WOMEN IN AMERICA: Indicators of Social and Economic Well-Being Foreward unmarried and divorced women are the most likely to have responsibility for raising and supporting their children, women are more likely to be in poverty than men. These economic inequities are even more acute for women of color. I Women live longer than men but are more likely to face certain health problems, such as mobility impairments, arthritis, asthma, depression, and obesity. Women also engage in lower levels of physical activity. Women are less likely than men to suffer from heart disease or diabetes. Many women do not receive specific recommended preventative care, and one out of seven women age 18-64 has no usual source of health care. The share of women in that age range without health insurance has also increased. I Women are less likely than in the past to be the target of violent crimes, including homicide. But women are victims of certain crimes, such as intimate partner violence and stalking, at higher rates than men.Facts alone can never substitute for actions that directly address the challenges faced by women of allages and backgrounds. But facts are deeply important in helping to paint a picture of how the lives ofAmerican women are changing over time and in pointing toward the actions and policies that might bemost needed. The White House Council on Women and Girls has supported Administration efforts toease the burden of going to college; increase the number of girls interested in science, technology,engineering and math; and promote equal pay for women. We also fought for passage of the AffordableCare Act, which provides health insurance to millions, and coordinated an unprecedented government-wide effort to end violence against women and girls. Yet, we know there is much more to do. TheCouncil on Women and Girls is committed to raising the visibility of women’s lives, as well as thinkingstrategically about how to address these challenges. Reports like this one help us to achieve that goal.We thank those who worked on putting this report together, and are particularly grateful to the Federalstatistical agencies that regularly collect and report these data so that all Americans can betterunderstand the society and economy in which we live. Valerie Jarrett Christina Tchen Chair, Council on Women and Girls Executive Director, Council on Women and and Girls, Assistant to the President and Senior Advisor Assistant to the President, and Chief of Staff to the First Ladyiv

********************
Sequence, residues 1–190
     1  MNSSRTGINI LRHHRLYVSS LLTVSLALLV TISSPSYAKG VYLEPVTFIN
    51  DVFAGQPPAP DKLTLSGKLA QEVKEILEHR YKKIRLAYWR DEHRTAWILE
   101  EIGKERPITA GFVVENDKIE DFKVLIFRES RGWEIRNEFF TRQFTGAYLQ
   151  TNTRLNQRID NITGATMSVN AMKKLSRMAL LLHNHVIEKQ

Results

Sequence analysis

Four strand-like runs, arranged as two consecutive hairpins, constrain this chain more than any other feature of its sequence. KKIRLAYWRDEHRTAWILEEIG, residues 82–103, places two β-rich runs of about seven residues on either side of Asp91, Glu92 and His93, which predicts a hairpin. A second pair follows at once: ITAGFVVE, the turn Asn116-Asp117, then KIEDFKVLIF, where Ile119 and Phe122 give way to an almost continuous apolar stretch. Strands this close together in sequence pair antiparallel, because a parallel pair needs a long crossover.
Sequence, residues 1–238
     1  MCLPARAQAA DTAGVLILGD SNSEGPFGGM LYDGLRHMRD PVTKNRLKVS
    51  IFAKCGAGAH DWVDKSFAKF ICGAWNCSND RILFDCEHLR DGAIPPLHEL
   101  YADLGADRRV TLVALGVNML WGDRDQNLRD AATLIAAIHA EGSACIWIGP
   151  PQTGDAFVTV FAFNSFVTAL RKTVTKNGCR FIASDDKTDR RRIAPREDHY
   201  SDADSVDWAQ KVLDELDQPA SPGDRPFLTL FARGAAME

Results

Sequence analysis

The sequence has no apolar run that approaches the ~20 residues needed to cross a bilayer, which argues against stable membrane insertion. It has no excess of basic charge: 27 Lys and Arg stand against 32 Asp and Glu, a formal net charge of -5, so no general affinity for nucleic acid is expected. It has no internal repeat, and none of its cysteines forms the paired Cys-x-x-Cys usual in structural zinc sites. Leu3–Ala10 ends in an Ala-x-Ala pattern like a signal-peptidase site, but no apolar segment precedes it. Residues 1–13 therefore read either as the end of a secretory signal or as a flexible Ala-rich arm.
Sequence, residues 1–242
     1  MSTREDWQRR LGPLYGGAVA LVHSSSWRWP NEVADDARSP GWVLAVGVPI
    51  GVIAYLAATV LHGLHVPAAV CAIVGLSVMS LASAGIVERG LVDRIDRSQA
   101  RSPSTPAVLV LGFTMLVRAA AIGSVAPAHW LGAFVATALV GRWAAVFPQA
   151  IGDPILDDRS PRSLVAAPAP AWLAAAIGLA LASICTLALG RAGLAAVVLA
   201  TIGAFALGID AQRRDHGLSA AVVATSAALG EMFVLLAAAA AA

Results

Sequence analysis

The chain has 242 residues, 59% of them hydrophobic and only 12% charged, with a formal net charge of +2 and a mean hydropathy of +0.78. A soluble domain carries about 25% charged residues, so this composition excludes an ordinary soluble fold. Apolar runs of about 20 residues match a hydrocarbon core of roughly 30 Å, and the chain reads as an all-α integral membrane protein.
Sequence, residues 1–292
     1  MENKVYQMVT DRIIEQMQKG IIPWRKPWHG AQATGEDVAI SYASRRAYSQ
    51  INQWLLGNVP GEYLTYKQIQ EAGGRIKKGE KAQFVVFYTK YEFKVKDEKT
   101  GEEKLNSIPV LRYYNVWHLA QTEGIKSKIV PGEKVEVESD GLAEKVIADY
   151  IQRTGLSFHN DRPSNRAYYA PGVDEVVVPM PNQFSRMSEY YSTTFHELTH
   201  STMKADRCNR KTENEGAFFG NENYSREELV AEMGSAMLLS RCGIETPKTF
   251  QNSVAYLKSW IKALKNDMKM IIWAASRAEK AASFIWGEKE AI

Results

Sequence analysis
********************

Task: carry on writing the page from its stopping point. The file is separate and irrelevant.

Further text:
AcknowledgementsT his report was conceived at the Office of Management and Budget to support the White House Council on Women and Girls. To facilitate agency decision-making and priority-setting on the basis of firm evidence, this report assembles the Federal government’s significant data andstatistical resources to present a portrait of the well-being of American women in several key areas.The report is a product of many people’s work. The Department of Commerce’s Economics andStatistics Administration was asked to coordinate the work and prepare the final report. Our effortsrelied heavily on the work of individuals in Federal statistical agencies who provided the data andsubstantive portions of the report. Our thanks go, in particular, to the following individuals whocontributed significantly to various chapters of the report and provided the statistical content on whichthis report is based. Chapters Agencies Staff People, Families, Census Bureau Amy Symens Smith and Income Department of Commerce Carrie A. Werner Martin T. O’Connell Kristy Krivickas Trudi J. Renwick Laryssa Mykyta Education National Center for Education Statistics Val Plisko Department of Education John Ralph National Center for Science and Lynda T. Carlson Engineering Statistics Joan S. Burrelli National Science Foundation Jaquelina C. Falkenheim Rolf Lehming Employment Bureau of Labor Statistics Tom Nardone Department of Labor Marianne Reifschneider Dorinda Allard Rachel Krantz-Kent Mary Bowler Karen Kosanovich Census Bureau Edward J. Welniak, Jr. Department of Commerce Health National Center for Health Statistics Edward J. Sondik Department of Health and Human Services Jennifer H. Madans Kate M. Brett Crime and Violence Bureau of Justice Statistics James P. Lynch Department of Justice Allen J. Beck Donald J. Farole v